Christopher Newport University’s (CNU) varsity sailors recently competed against Georgetown University, George Washington University, Jacksonville University, Old Dominion University and US Naval Academy at the Hanbury Trophy Team Race.
Former Christopher Newport College (CNC) sailor, Joe Lieberman, captained his 42-foot catamaran to ferry team parents from their sailing center on Deep Creek to the mouth of the Warwick River for an optimal view of the competition. The team has come a long way in the past 45 years.
In the early 70s, CNC’s sailing team was a club program with a few students who had a knowledge of sailing and wanted to compete. With student-owned boats and a purchased fleet of Ghost 13s, they competed in local regattas sailing from Warwick Yacht and Country Club.
CNU professor, George Webb, previously a Massachusetts Institute of Technology sailor, helped CNC’s club sailing program become a varsity sport. The team worked hand in hand with the university to purchase boats and docks.
In the mid 1990s, while President Paul Trible helped grow CNU, the sailing team grew as well. Local sail maker and community sailor, Dan Winters, was head coach for 22 years and built the program.
Student sailor, team captain and MVP for three years, Maxwell Plarr, earned a Bachelor of Arts degree in history in 2011. He held a variety of jobs during and after his schooling but none lasted long.
“My passion has always been to grow this program into something greater,” he says. “I remember the first day I was a sailing instructor at a yacht club during my freshman summer. I called my mom and said, ‘This is the best job ever. I don’t want to do anything else.’”
After a year as Winters’ assistant coach, Plarr became head coach in 2012. Today, Plarr is married to Kerstin and has a two-year-old Golden Retriever, Cooper.
Plarr and assistant coach, Austin Powers, have 17 sailors from local to international backgrounds, studying majors from history to bio-molecular science. They compete in co-ed team racing and co-ed dinghy, men’s singles and women’s singles in fleet-racing format. They sail 420s, FJ, Laser and Radial class boats.
“In team racing such as Hanbury, we had three boats versus three boats, each from five universities competitors,” Plarr says. “The tactics and strategy are amplified as well as the rules because there’s close interaction between the boats.”
In 2015, CNU’s varsity sailing team made its first nationals at the Sperry Inter-collegiate Sailing Association Women’s Nationals.
U.S. college sailing is concentrated in New England and the mid-Atlantic. CNU’s conference is the mid-Atlantic, stretching from Southern Virginia, Old Dominion University, Hampton University, College of William & Mary and north to Queens University/Ottawa. They compete in the Mid-Atlantic Intercollegiate Sailing Association (MAISA) and the New England Intercollegiate Sailing Association (NEISA) about 16 weekends a year. They also spend four days a week from 3:30 to 6:30 p.m. on the water practicing, plus strength and conditioning which is an enormous commitment for all involved.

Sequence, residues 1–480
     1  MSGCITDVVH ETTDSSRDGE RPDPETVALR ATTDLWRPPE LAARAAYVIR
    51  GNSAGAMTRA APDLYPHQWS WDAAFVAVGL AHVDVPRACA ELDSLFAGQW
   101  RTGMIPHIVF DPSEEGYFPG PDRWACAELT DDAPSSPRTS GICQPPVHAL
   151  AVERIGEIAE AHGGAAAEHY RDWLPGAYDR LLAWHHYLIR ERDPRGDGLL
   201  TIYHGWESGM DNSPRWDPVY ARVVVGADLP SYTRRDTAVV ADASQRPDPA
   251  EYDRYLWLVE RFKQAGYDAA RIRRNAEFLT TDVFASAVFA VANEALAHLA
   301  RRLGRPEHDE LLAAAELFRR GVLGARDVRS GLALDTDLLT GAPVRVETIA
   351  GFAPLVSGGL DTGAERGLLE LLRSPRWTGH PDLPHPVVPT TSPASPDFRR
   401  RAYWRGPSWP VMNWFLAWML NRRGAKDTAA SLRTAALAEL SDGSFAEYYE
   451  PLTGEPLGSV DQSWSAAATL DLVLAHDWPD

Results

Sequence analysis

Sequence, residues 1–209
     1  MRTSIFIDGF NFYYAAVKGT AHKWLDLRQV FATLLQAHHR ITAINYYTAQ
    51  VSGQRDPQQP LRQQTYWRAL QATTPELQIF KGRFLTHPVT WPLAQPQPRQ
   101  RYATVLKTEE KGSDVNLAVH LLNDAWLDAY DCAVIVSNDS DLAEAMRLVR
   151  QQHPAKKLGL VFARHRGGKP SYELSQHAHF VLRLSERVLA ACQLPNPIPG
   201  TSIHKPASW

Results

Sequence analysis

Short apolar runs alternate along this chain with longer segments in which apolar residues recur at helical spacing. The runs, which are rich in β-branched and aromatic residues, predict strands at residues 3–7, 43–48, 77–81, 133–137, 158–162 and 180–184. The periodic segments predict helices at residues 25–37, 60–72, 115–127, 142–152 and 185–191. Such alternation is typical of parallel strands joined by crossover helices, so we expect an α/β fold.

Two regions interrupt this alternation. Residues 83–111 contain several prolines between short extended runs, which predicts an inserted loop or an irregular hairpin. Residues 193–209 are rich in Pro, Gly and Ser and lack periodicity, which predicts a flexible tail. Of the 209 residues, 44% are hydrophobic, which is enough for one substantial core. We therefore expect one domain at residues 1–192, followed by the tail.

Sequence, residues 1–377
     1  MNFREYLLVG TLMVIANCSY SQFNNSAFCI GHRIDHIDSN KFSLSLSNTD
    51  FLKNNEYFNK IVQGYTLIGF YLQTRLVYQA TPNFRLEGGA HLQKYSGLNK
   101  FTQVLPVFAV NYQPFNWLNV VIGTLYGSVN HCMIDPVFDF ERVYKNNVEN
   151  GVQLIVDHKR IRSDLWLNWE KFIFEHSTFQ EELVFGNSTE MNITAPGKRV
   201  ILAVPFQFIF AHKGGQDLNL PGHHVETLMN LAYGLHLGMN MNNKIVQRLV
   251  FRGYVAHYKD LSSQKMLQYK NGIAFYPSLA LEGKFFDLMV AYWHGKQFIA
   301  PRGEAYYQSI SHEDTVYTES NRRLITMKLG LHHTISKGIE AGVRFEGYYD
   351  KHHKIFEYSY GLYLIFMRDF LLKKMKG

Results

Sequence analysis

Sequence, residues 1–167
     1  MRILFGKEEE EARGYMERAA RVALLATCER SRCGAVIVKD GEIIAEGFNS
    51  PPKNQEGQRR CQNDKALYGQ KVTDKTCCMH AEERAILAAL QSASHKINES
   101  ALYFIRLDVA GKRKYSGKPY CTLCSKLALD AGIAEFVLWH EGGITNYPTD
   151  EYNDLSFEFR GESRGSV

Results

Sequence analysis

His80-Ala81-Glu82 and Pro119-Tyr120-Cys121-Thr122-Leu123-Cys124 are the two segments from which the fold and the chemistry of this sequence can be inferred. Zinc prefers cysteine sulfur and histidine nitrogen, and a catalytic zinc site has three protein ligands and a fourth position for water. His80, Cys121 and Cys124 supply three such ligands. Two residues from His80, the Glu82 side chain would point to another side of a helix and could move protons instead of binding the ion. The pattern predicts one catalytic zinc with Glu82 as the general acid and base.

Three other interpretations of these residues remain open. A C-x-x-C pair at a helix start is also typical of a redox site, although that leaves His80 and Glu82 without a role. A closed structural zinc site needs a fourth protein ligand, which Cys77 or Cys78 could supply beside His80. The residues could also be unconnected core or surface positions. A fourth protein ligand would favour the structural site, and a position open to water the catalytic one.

Sailing is an expensive sport due to high-priced equipment needs and travel expenses.
“We have a full tool room because it’s not just the sailboats,” Plarr says. “It’s also the safety powerboats we maintain. It takes an investment of thousands of dollars to fund this.”
The team travels to locations including Annapolis and New York. These destinations are not inexpensive, but they have some host families who help cut costs.
The most important aspect of Plarr’s coaching is “team.”
“The person in front and the person in back of the boat can make or break an event,” he says. “You’re not a crew. You’re not a helm. You’re a team. Our mission is to make every sailor a better athlete, to tap into their potential on and off the water as they grow individually and as a team while they work towards obtaining their degree.”
Lieberman was one of the original CNC sailors and is one of the current team’s cherished alumni.
“He takes us out for free as a token to the program and he loves hanging out with the parents,” Plarr says. “He’s done so much for this program.”
Sailor Kaitlyn Reilly, a recent graduate, came to CNU because of the sailing team.
“The team and Max taught me everything I know,” she says. “Being out on the water with your best friends and competing at the highest level is one of the best experiences I’ve had at CNU.”
Sailor Javi Gonzalez Rotger, a freshman from Majorca, Spain, is studying business management and has aspirations of sailing in the Olympics.
“With my studies and everything else going on, I have help from my team members,” he says. “At any moment I can call anyone in any major from history to biology to business majors.”
Students also have help from Angie Moore-Lobach, athletic academic support mentor.
“I aid students in identifying what services they may need and where/how to access them,” Lobach says. “I help students develop the skills necessary to enhance their academic performance, as well as share in their successes and challenges.”
“Academics is the reason all students are here,” Plarr says. “We want to compete and do our best, but our main job is to ensure students get their degree in four years and placement after graduation.”
Plarr says his greatest satisfaction comes from watching the program develop and working with the sailors.
“It’s most important to be great sportsmen and CNU ambassadors,” Plarr says. “The sailors’ drive and our whole-hearted parents’ support are a large factor toward where we are now.”
“I remember what it felt like driving back after we qualified for nationals the first time,” Plarr says of his passion for the team. “The hard work is paying off and from there, we can do anything.”
TO THE POINT:
Christopher Newport University Varsity Sailing
Contact: Maxwell Plarr, head coach